We’re all really busy people, and trying to fit everything into such a short amount of time. Exercise is no different, and it really is a case of quality over quantity.
People always ask how much exercise they should be doing per session and per week, but it really depends on the amount of time you can spare. If I tell you that 3-4 times a week for about 60 minutes should be what you aim for, then if you can’t commit to that, you already feel like you’re failing before you even get started.
If you have 30 minutes, that’s fine – it’s what you do in that 30 minutes that makes the most difference. You need to get the most out of whatever time you have available.
This is where whole body, big movements come in – compound exercises.
Compound exercise work more muscles, so give you more bang for your buck – if you’re really short on time, a few compound exercises are better than nothing. Think of burpees, jumping jacks and high knees….. all really good exercises that get most of your body working hard.
In comparison, isolation exercises towards the end of your workout will ensure the single muscle is tired and worked adequately, but you can save these singular types of exercises until you have a bit more time. To try and work each muscle individually takes such a long time, so adding them altogether makes much more sense. You may not even realise the amount of muscles that are working in a particular exercise, and each muscle that is working means a higher level of calories being burned. Added to that the higher number of calories being burned at rest through your higher lean body mass, they really are worth the extra effort.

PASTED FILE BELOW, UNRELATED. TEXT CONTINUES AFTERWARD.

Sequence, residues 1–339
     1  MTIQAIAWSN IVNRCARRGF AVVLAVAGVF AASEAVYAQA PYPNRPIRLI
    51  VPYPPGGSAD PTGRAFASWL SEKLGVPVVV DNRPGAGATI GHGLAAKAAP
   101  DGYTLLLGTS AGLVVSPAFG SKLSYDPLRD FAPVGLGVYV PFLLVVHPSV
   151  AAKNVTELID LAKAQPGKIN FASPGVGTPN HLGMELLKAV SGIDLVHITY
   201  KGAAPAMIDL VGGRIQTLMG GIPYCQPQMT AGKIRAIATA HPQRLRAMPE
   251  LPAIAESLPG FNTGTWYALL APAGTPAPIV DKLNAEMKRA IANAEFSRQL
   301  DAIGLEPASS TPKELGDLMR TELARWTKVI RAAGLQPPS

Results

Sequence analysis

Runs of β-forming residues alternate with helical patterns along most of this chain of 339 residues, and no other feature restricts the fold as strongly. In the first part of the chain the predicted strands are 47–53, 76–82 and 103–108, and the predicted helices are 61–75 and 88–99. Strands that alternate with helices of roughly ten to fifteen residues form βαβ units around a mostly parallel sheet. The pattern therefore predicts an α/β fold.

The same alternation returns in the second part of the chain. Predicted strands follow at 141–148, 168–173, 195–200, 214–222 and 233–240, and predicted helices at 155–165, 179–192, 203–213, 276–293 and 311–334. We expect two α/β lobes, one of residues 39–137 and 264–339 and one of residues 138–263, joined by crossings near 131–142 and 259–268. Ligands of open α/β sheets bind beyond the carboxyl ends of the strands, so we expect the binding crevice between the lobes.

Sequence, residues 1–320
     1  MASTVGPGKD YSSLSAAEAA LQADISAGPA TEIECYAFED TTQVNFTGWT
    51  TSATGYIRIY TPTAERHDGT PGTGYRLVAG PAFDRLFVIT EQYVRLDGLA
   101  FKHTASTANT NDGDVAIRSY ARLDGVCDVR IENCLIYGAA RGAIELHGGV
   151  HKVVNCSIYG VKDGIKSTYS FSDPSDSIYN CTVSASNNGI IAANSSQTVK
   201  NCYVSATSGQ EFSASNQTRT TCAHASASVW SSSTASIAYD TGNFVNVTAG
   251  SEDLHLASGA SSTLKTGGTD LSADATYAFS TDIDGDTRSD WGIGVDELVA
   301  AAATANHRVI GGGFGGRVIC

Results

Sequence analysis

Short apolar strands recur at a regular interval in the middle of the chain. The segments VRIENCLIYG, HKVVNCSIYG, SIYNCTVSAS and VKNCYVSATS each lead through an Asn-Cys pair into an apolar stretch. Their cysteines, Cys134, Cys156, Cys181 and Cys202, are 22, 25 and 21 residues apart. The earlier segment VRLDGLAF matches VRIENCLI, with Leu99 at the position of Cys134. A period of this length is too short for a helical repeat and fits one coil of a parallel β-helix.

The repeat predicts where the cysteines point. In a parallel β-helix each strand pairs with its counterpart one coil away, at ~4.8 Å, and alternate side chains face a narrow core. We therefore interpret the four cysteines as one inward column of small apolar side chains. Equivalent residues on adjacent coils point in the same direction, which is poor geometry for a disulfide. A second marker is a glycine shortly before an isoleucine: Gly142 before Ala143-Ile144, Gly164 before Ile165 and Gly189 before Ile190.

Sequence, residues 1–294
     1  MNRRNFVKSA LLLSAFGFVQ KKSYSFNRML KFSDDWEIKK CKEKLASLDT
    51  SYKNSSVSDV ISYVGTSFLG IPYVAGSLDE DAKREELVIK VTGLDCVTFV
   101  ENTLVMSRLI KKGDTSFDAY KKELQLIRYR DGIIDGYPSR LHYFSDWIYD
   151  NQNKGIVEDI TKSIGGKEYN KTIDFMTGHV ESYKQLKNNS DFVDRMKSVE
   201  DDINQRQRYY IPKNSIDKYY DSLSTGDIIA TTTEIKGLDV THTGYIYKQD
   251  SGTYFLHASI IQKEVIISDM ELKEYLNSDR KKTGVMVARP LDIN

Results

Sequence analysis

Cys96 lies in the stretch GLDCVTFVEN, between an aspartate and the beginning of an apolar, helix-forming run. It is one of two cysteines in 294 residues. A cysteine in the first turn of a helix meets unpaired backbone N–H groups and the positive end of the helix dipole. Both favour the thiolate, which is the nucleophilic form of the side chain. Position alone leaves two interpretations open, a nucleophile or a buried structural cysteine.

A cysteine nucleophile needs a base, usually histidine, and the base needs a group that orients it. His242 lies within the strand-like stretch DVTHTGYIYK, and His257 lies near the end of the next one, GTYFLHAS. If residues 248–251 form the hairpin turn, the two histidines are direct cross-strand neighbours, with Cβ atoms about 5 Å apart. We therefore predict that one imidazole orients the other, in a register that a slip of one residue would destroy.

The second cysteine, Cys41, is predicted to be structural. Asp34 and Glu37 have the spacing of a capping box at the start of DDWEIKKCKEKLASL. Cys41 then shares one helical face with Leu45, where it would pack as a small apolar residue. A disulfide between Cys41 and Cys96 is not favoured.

I’ve noticed more definition and growth in my biceps since I’ve started doing pull ups, much more than when I was concentrating on bicep curls alone.
Whenever you structure a workout, you should work big to small – big muscle groups and compound exercises, to small and individual muscle isolation exercises.
A great example of this is your abs – they’re stabilisers, so just need concentration at the end of a session to make sure they’ve been worked enough and you get the best results. The truth is that they’ve been ‘working’ throughout the session, during the compound exercises, but the isolation work causes fatigue and really has the effect.
Examples of compound exercises (list not exhaustive):
Examples of isolation exercises (list not exhaustive):
What’s your favourite exercise to do?
If you have any questions, feel free to comment or drop me an email.